Being upfront about goals and creative about gaining experience can launch a career.
Elise Covic, now Deputy Dean of the College at the University of Chicago, entered academic administration even before she completed her PhD in computational neuroscience when she became director of an undergraduate research training program. She describes how she navigated her way from research and into a satisfying career in academic administration.
What was your experience like in graduate school?
Graduate school was just a practical step for me; I was working as a research technician because I thought that was what I thought I should do fresh out of college with a biology degree. As grad students rotated through the labs, I learned their stipend was about the same amount as my salary. Why not get a PhD for work you enjoy doing? It’s the one point in your life when you can focus on something that you love and can be completely creative and know a microcosm that no one else knows as in depth as you do.
When did you realize you didn’t want to keep doing research?
I saw people that I respected lose their funding and struggle, and I thought ‘I don’t like this’. I don’t have that fire in my belly. I’m not thinking about my project when I wake up.
When I came out to the head of my graduate program to say that I wanted to pursue this non-research path, he said ‘you need to run the computational neuroscience summer research program.’ And I did. I was interfacing with the NIH, and I was helping one of those students teach courses as well. All through graduate school, I was one of those involved students. I administered a lot of programs. I was chair of the Dean’s Council. I cofounded and directed the University of Chicago Biotechnology Association.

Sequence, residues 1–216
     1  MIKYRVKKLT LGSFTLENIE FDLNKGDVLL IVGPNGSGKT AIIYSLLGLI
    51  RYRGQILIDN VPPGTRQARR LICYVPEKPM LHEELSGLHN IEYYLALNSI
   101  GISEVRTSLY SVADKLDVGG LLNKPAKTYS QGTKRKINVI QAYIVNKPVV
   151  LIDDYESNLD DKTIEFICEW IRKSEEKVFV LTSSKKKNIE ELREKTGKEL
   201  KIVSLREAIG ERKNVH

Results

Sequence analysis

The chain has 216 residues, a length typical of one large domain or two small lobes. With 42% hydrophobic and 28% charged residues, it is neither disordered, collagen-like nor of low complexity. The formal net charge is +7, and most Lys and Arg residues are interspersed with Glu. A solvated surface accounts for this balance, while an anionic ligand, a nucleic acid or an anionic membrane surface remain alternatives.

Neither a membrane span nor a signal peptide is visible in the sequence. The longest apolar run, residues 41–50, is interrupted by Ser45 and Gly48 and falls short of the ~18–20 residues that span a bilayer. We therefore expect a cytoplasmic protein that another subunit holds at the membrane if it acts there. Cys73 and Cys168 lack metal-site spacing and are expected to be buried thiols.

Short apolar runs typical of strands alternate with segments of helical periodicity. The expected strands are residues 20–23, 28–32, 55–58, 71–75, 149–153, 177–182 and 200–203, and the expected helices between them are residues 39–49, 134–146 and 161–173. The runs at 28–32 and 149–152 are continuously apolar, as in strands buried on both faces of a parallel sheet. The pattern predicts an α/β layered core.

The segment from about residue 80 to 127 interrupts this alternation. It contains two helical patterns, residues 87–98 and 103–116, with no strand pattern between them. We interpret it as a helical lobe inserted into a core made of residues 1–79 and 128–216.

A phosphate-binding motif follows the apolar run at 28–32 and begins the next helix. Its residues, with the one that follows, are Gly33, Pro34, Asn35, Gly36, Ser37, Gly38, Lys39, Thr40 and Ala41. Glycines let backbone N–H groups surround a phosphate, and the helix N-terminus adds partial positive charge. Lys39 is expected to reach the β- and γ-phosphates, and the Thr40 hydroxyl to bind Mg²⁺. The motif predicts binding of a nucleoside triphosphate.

After the University of Chicago, you became the associate director of the medical scientist training program (MSTP) at Northwestern. Why were you a good fit?
The Northwestern MSTP wanted someone with a PhD in the sciences to advise their students. They liked that I had run an NIH training grant-based program. Then about a year later there were leadership changes at the University of Chicago MSTP. And my fomer PhD supervisor told U Chicago’s MSTP director, ‘you know she’s been running an MSTP longer than you have, you should try to recruit her.’
What’s something you put in place at MSTP?
We tried to create systems to integrate the curriculum. We wanted something that would permeate through every phase of training. We implemented structures so that students could apply for F30 grants. Their thesis proposal was in the form of a grant application so that students could hit the ground running when they joined research labs.
Now you have moved beyond MSTP. You have responsibilities to broad programs in undergraduate education, including humanities. What’s that like?
In the scientific and medical environment, there’s quick debate. Scientists will always say, I don’t’ know but I’ll find out. You bark and you take action. Here, it is very different from working with strictly science. There’s a lot of debate about every issue.
How do you use your scientific training in your job today?
Thinking linearly is an aspect of the job that is absolutely necessary. You have to be methodical. You need to be willing to try things and explore things. You need to be okay with failure and say ‘let’s try this and if it doesn’t work, we’ll learn things about what does’.
For more on Elise Covic, see here.